WOODRUFF - A million pennies might not go a long way today, but in the 1950’s it helped build a hospital in Woodruff.
Saturday was about celebrating a woman with a big idea.
"It’s a special celebration this year and so we just wanna help Woodruff celebrate." said Hazelhurst resident, Faye Tenhaken.
"It was awesome. I loved it. All the kids, I had a ton of my nieces and nephews with me and they loved it too." Arbor Vitae resident, Amber Kazlausky said.
This was the 60th anniversary of the Million Penny Parade.
But this day is more than that.
It all started when the town needed a hospital.
"The people of Woodruff got together and they were going to build one. It got about half finished and they ran out of money. That was when my dad and his geometry class was discussing quantity and things," said Otto Burich's daughter, Katherine Burich Patten.
"And they decided the kids wanted to see what a million of something looked like. And they decided they were going to collect a million pennies."
Those pennies were donated Dr. Kate Pelham Newcomb who wanted to build the hospital.
This year the Abor Vitae-Woodruff School kept the spirit alive by raising more than one million pennies.
"It’s very meaningful, to relive this and I wish more of the classmates could have been here," 1953 Penny Queen, Donna Behn Bassett said.
"It’s so wonderful to hear that they collected a million pennies again."
So the next time you’re in Woodruff and you see the world’s largest Penny, remember it all started with one woman wanting to build a hospital and children eager to help, one penny at a time.
MADISON - A federal appeals court has upheld Republican Gov. Scott Walker's public union restrictions.
The restrictions stripped most public workers of nearly all their collective bargaining rights. Two unions representing city of Madison and Dane County public workers filed a lawsuit in 2011 alleging the law violated their right to freely assembly and equal protection.
U.S. District Judge William Conley found the restrictions constitutional in September. A three-judge appeals panel affirmed Conley's ruling Friday, saying the U.S. Constitution doesn't require the state to maintain policies that allow certain associations to thrive.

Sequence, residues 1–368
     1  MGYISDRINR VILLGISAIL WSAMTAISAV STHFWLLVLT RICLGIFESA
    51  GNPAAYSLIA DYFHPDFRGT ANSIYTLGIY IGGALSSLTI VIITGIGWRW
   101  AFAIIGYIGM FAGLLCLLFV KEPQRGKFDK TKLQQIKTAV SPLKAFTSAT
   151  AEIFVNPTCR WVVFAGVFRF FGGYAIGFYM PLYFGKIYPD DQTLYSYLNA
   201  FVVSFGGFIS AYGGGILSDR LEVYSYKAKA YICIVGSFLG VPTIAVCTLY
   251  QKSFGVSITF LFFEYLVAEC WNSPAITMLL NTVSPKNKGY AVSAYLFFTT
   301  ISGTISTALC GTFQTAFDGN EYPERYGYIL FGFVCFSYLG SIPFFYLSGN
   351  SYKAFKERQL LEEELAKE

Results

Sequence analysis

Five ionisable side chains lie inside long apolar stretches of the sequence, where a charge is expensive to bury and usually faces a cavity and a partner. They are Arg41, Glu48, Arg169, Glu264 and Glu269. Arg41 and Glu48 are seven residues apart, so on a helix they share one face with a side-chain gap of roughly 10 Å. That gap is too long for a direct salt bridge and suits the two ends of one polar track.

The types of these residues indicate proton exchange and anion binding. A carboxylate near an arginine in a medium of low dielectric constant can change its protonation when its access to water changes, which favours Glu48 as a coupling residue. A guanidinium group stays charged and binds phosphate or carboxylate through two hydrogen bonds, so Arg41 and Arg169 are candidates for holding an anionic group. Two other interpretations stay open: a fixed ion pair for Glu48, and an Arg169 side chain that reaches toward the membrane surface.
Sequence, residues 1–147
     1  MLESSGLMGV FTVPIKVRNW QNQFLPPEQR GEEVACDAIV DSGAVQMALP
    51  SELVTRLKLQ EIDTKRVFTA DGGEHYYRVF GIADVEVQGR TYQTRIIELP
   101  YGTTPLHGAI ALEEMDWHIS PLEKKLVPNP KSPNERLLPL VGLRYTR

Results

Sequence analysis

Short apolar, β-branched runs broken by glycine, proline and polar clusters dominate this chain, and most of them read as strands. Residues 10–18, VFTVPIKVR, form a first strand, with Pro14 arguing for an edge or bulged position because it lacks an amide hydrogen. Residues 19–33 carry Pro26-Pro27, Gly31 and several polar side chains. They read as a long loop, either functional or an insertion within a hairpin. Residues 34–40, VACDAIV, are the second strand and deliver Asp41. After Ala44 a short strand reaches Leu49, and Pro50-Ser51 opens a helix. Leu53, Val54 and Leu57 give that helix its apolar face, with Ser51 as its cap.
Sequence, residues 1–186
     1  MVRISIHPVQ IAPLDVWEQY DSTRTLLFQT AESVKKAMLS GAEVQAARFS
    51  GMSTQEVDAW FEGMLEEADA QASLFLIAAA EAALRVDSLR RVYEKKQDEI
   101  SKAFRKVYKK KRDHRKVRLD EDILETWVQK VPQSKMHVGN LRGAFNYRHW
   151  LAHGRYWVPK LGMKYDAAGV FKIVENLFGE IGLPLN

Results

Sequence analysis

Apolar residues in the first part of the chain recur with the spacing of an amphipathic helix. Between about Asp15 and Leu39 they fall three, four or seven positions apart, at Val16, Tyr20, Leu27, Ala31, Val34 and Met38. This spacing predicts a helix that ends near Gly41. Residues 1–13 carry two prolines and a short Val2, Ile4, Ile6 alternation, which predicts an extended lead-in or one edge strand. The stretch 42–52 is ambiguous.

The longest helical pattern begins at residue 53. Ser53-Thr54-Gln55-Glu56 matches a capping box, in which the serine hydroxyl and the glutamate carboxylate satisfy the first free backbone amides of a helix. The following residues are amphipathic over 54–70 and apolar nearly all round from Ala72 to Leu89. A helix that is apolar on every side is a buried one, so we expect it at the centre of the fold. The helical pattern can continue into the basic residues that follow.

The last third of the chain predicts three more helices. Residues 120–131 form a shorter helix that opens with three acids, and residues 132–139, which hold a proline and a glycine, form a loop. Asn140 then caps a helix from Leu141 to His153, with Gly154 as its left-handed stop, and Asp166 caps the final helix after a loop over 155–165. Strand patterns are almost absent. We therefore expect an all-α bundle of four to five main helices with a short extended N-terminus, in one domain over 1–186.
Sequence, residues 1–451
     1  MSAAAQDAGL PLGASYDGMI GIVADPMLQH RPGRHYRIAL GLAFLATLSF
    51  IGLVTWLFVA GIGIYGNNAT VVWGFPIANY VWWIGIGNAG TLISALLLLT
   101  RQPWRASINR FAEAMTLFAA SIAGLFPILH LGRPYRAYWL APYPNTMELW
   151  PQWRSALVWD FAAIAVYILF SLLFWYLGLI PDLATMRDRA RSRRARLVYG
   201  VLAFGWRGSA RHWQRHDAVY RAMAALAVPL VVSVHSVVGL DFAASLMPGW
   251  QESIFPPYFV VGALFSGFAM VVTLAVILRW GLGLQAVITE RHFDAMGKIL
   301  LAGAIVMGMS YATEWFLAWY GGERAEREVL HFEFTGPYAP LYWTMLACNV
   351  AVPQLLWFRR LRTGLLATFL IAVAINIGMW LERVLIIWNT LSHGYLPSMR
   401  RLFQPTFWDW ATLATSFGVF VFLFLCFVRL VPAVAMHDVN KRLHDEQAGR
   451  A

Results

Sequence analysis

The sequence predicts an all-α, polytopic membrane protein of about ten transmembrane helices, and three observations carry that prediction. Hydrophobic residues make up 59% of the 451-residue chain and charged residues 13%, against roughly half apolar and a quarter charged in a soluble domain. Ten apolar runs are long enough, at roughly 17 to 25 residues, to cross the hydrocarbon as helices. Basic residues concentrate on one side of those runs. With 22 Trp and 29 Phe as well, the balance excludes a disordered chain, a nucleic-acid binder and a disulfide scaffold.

Wisconsin Attorney General J.B. Van Hollen calls the ruling ``a victory for the law and for Wisconsin taxpayers.''
An attorney for the unions tells the Milwaukee Journal Sentinel he needs to talk to his clients before deciding whether to appeal.
MERRILL - When you think of movies you probably think of Hollywood, but one man from Northcentral Wisconsin is bringing his feature film to the local screen.
Wausau’s Jarrod Crooks not only makes movies, but he also stars in them.
His latest film, "Dispatched" is based off the Elvis Presley movie, “Girl Happy,” says filmmaker Jarrod Crooks. “My character Jake is sent to go watch my bosses daughter while she’s on vacation with a friend. Then an old enemy is kind of after him while he’s on vacation, so some things happen.”
Crooks made, "Dispatched" on a $5,000 budget and it’s full of romance, action, and comedy.
“My buddy would joke with me, ‘why don’t you just pick one genre man and then just go with it'," says Crooks. "I’m like because I want to make this movie how I want to make It'." "I actually like romantic comedies, I think they’re kind of fun, and I think they’re cute. I like action films because I’m a guy, and I like comedy because Jim Carey is great.”
Crooks is only 28 and has already made 4 feature films. His passion started when he was 12 years old.
“I went over to my friend’s house and he had a video camera. I was like oh we should make a movie, and at that time I was really into, “Wishbone,” says Crooks.
“We’d always remake our own literature pieces. Then I saw my first Jackie Chan movie and I’m like, alright it’s settled we’re doing action films from now on," says Crooks. “From then on it was just a love affair with the filmmaking.”
His latest film will be shown at the Cosmo Theatre in Merrill on Saturday at 5pm.
“The fact that I’m bringing it to central Wisconsin is great because this is where I grew up," says Crooks. "All my family and friends get to see it, so I’m very excited about that and you get to see yourself on the big screen what’s better than that.”
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